Illinois Tool Works (ITW) appealed the decision of the Board of Patent Appeals and Interferences to the Delaware district court pursuant to 35 U.S.C. § 146. The interference was between the Jurgoven patent (assigned to Frito-Lay), an application submitted by Jurgoven, and an application by Ramsey (assigned to ITW). The subject matter of the patent/applications and the two counts of the interference was a zippered flexible food product package that is pinch-grip openable, and the method of opening and closing the package. The Board found in favor of Frito-Lay, awarding it priority of invention because ITW had derived its invention from the Jurgoven patent. The Board declined to rule on the patentability of the Jurgoven patent "because ITW did not file a timely preliminary motion on the issue." Op. at 3.

The issue before the Court was whether the Court should consider the patentability of the Jurgoven patent even though the issue was not raised at the proper time before the Board. ITW did not raise the patentability issue in the early phases of the interference, instead waiting until its briefing before the Board to raise the issue. Frito-Lay argued that this amounted to a waiver of the patentability issue by ITW such that the patentability issue was not properly before the Court. The Court disagreed. The Court held that although ITW did not raise the patentability issue through the proper procedural vehicle before the Board (a preliminary motion), "the record clearly demonstrates that ITW raised the issue with the Board during the judgment motion phase of the interference and insisted that it be resolved during the interference." Op. at 5. Thus, the Court ruled that the patentability issue is properly before the Court, but only as to the prior art argued before the Board – ITW may not raise new patentability arguments at this time. Op. at 8.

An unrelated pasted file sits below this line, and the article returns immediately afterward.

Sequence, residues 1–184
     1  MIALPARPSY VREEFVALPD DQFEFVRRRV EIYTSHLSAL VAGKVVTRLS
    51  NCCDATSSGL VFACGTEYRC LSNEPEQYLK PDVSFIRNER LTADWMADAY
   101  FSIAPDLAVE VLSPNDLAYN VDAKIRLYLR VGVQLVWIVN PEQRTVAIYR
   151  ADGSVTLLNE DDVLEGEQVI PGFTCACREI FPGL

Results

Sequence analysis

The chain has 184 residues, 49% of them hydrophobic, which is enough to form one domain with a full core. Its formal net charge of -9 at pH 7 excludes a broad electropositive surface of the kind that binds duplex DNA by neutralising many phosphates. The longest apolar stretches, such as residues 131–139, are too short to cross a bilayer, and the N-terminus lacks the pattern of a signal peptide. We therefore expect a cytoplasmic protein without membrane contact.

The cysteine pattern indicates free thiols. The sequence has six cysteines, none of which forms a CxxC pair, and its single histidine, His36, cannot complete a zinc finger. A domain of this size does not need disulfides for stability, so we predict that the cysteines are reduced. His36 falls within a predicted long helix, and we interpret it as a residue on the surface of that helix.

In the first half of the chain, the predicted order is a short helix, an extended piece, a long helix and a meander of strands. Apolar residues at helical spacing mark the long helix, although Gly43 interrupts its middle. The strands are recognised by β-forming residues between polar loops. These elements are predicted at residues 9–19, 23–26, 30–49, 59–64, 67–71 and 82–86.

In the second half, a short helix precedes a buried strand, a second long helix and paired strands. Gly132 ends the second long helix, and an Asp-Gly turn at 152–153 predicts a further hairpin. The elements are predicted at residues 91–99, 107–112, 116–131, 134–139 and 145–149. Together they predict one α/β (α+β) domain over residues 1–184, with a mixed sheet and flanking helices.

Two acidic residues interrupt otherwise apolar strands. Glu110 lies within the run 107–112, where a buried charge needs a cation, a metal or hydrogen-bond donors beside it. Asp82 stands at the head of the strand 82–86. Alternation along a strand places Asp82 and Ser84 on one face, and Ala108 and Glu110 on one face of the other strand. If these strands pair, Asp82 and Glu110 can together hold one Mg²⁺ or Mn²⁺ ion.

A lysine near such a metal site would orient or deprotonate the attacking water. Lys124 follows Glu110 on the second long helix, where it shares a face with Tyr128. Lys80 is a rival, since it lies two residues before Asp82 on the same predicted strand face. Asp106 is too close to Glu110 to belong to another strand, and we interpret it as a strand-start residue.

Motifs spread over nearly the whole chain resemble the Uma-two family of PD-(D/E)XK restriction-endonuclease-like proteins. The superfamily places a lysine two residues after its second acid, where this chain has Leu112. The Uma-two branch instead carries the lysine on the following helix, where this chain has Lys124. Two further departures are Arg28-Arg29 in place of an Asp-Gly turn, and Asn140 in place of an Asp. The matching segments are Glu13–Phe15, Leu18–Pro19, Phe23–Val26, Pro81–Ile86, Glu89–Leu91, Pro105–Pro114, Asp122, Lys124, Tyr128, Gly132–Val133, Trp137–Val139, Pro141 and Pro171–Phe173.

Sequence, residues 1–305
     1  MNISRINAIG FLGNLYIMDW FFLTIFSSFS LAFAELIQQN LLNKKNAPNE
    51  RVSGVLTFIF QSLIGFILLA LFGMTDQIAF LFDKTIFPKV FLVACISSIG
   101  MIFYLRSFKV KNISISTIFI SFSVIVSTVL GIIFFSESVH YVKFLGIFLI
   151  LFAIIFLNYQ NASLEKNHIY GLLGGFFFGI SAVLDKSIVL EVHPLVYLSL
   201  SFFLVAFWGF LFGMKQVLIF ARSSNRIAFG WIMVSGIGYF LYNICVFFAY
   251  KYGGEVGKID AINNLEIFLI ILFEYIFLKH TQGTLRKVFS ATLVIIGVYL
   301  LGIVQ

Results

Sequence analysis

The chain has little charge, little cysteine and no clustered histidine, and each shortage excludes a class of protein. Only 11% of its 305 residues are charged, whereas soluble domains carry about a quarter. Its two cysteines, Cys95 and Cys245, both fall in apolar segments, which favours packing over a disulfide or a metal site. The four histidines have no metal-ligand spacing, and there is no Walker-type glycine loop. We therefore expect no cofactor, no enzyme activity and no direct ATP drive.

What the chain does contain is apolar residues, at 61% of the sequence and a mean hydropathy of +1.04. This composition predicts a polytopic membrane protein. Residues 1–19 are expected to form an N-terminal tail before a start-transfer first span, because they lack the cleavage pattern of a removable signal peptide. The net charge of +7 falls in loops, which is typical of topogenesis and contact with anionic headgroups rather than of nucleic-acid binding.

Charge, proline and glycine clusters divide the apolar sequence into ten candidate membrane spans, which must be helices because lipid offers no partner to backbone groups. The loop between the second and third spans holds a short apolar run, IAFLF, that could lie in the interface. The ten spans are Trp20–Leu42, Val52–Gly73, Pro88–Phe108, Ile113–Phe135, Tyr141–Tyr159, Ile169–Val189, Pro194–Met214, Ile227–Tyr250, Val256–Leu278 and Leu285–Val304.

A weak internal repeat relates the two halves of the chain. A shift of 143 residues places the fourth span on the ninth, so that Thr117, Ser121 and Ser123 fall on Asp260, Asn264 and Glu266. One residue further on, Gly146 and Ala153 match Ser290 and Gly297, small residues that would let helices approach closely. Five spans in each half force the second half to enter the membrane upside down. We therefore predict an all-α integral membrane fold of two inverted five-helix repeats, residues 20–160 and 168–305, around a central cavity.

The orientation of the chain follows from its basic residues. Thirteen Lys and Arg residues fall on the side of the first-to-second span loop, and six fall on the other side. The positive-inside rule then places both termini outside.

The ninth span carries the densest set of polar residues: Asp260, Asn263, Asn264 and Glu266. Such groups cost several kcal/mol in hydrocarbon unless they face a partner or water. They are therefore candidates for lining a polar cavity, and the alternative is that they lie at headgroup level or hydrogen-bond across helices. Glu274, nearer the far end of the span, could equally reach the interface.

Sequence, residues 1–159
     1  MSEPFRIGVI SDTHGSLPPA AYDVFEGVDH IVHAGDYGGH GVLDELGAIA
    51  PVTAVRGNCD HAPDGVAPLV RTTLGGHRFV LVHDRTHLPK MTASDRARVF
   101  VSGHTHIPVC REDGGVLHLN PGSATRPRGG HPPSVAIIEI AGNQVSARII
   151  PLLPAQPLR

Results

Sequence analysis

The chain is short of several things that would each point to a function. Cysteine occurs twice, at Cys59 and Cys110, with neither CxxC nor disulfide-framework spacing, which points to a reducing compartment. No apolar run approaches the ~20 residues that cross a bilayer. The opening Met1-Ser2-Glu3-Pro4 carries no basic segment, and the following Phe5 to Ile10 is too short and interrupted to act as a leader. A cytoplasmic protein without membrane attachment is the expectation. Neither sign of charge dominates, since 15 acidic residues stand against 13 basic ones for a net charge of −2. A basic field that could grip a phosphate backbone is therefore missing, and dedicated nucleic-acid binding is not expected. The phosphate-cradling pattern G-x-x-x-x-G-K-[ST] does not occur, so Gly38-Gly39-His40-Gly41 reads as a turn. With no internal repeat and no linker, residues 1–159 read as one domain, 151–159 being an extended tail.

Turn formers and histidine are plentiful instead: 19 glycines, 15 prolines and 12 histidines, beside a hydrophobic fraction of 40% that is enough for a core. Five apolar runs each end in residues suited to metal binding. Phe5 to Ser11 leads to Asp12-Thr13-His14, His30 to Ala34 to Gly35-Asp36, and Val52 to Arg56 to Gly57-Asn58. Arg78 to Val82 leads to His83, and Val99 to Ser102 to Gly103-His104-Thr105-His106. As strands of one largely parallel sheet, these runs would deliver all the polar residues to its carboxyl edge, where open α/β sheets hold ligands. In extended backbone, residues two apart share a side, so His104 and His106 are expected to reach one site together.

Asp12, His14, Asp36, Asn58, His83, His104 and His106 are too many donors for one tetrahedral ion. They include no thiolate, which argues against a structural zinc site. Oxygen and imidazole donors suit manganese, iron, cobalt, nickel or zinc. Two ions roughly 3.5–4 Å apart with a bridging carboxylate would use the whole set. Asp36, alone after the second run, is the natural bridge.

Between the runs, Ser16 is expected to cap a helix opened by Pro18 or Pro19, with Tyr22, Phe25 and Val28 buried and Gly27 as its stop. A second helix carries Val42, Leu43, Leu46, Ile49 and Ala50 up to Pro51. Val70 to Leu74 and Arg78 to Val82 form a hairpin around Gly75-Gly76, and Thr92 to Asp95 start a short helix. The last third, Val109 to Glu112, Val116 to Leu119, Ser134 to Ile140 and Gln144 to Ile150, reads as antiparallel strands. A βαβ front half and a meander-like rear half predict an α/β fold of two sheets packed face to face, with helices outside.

Posted On: July 13, 2007

New District of Delaware Filings

Sepracor Inc. v. Barr Laboratories Inc. (patent infringement)
Boehringer Ingelheim Pharma GmbH & Co. KG, Dr. Karl Thomae GmbH, Boehringer Ingelheim International GMBH and Boehringer Ingelheim Pharmaceuticals Inc. v. Barr Laboratories Inc. and Barr Pharmaceuticals Inc. (patent infringement)

Posted On: July 5, 2007

New District of Delaware Cases

6/28: Purdue Pharma Products L.P., Napp Pharmaceutical Group Ltd., Biovail Laboratories International, SRL and Ortho-McNeil, Inc. v. Par Pharmaceutical, Inc. and Par Pharmaceutical Companies, Inc. (patent infringement)
6/28: Papst Licensing GMBH & Co. KG v. Olympus Corporation, Olympus Imaging America, Inc. (patent infringement)

Posted On: July 5, 2007

New Local Rules (Civil) Effective June 30, 2007

For a copy of the newly revised Local Rules, click here Many thanks to Judge Robinson for leading the revision effort.